As educators, you know that learning doesn't start and stop at you classroom doors. You know that the other adults in your students lives matter. You know that these people need to be included in the education of their children. It is so important to acknowledge the influencers in your students' lives and view them as allies to the work you do every day. Conferences is one place where you have the opportunity to team up with student influencers. This is an opportunity not only to report how the students are progressing in your classrooms, but also to educate and empower parents to support the work their children are doing in school.
In this post, I have shared some resources that might support your outreach to parents during this valuable time. When planning for and conducting your conferences, keep in mind the following, "The Myth of the Culture of Poverty", that came from Reaching and Teaching Students in Poverty by Paul Gorsky. Remember to be compassionate and provide access to the wonderful information you have to all parents. As teachers, you are not only a powerful educating force to your students, but to their families as well.
Resources for Parents
Feel free to add a comment at the end of this post and share any other documents you send home with parents!
Other Report Card and Conference Resources
Effective Report Card Comments - Here is a link to Jaime Bell's page. There are several great tips for writing digestible, effective comments on the report cards.
Tips for Parent-Teacher Conferencing - I'm sharing this link again. There are some great reminders for conferencing with parents. I find the first tip, approach parents with positive assumptions, to be so valuable.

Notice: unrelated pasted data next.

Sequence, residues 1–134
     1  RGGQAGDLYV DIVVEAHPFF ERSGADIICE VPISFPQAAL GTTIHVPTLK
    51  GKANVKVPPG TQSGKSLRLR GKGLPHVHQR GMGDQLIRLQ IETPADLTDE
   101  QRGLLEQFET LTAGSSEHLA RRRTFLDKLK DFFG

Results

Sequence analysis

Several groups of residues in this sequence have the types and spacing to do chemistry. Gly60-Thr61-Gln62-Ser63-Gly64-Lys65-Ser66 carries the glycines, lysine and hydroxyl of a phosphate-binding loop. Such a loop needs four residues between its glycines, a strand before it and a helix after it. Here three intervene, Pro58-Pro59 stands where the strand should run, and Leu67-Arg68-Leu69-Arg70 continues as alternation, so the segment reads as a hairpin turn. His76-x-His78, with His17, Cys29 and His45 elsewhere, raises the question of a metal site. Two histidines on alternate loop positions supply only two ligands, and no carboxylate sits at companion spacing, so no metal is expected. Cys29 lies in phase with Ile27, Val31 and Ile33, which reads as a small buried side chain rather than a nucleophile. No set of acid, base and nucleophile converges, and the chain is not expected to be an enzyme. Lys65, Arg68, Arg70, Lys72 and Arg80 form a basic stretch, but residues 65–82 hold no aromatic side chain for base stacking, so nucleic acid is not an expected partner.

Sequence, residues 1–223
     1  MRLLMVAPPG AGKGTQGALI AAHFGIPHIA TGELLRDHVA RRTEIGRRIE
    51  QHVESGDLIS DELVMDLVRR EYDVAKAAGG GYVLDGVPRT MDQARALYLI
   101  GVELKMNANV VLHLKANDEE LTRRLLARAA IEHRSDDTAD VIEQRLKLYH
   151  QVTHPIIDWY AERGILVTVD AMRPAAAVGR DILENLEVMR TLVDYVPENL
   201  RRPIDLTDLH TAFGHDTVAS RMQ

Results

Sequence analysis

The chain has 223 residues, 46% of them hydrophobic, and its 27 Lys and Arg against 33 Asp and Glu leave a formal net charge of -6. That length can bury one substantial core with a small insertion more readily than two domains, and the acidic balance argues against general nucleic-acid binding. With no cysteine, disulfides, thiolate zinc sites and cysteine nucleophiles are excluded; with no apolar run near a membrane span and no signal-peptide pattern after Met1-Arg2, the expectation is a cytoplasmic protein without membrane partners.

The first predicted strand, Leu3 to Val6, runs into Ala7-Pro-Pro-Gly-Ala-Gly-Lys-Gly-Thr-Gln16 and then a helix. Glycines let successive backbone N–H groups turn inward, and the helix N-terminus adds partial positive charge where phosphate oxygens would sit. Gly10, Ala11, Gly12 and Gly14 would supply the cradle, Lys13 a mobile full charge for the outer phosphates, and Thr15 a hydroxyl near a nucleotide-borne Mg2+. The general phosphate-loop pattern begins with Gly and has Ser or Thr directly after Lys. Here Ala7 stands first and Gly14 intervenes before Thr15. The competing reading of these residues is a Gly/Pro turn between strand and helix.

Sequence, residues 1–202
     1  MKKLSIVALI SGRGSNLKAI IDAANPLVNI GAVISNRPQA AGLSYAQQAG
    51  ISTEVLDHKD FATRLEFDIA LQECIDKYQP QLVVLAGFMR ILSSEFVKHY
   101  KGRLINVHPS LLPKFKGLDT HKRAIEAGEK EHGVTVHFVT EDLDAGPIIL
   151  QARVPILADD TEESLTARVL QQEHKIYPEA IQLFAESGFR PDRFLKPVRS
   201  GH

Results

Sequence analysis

Student-Led Conferences - This link was on last week's post, but I thought I'd put it here again, too. If you do student-led conferences in your room, there are some great resources here. If you would like more information about student-led conferences, I can support you in this. I have always done conferences this way and have found it to be an empowering experience for students. They are accountable for their own learning and for reporting on that learning in this model.
After last week's post I heard from several of you that you were happy to have a quick easy overview of guided reading. Several people also told me they were glad to have some new examples of templates for planning and access to Jan Richardson's guided reading website. Here I share a few videos that might give you another glimpse at what guided reading can look like. Enjoy.
Check out Guided Reading with Jenna: Overview - This is an overview of guided reading in a 5th grade classroom. It also includes discussion of what other students are doing while the teacher is working with the guided reading group. I encourage you to peruse the other videos on the site that feature this teacher, too.
This first video is a 5 minute clip of Jan Richardson introducing a text to an early phase group of students in a 2nd grade class. Notice how they preview the book and she makes sure some important vocabulary is taught up front. At the end of the preview she says, "Ok, now we are going to read to find out."
This next video is a 9 minute clip of Jan Richardson checking with her readers on where they put their flag. The purpose for reading must have been to find a very important part (VIP) in the book and flag it. She then listens to them read and prompts them for fluency. Notice how she rotates through each student, discusses, listens, prompts, and gives them a goal - something they should continue to do - all in 9 minutes!
On a related note...
Jan Richardson Videos - Follow this link for more of Jan Richardson's videos.
Conference Time: Chatting with Parents - Conferences are just around the corner. This post has just a few tips to keep in mind when preparing for and engaging in those discussions with your students' parents.
Student-Led Conferences - This blog post has some helpful resources if you do student-led conferences.
I am an elementary instructional coach for the Sioux Falls School District.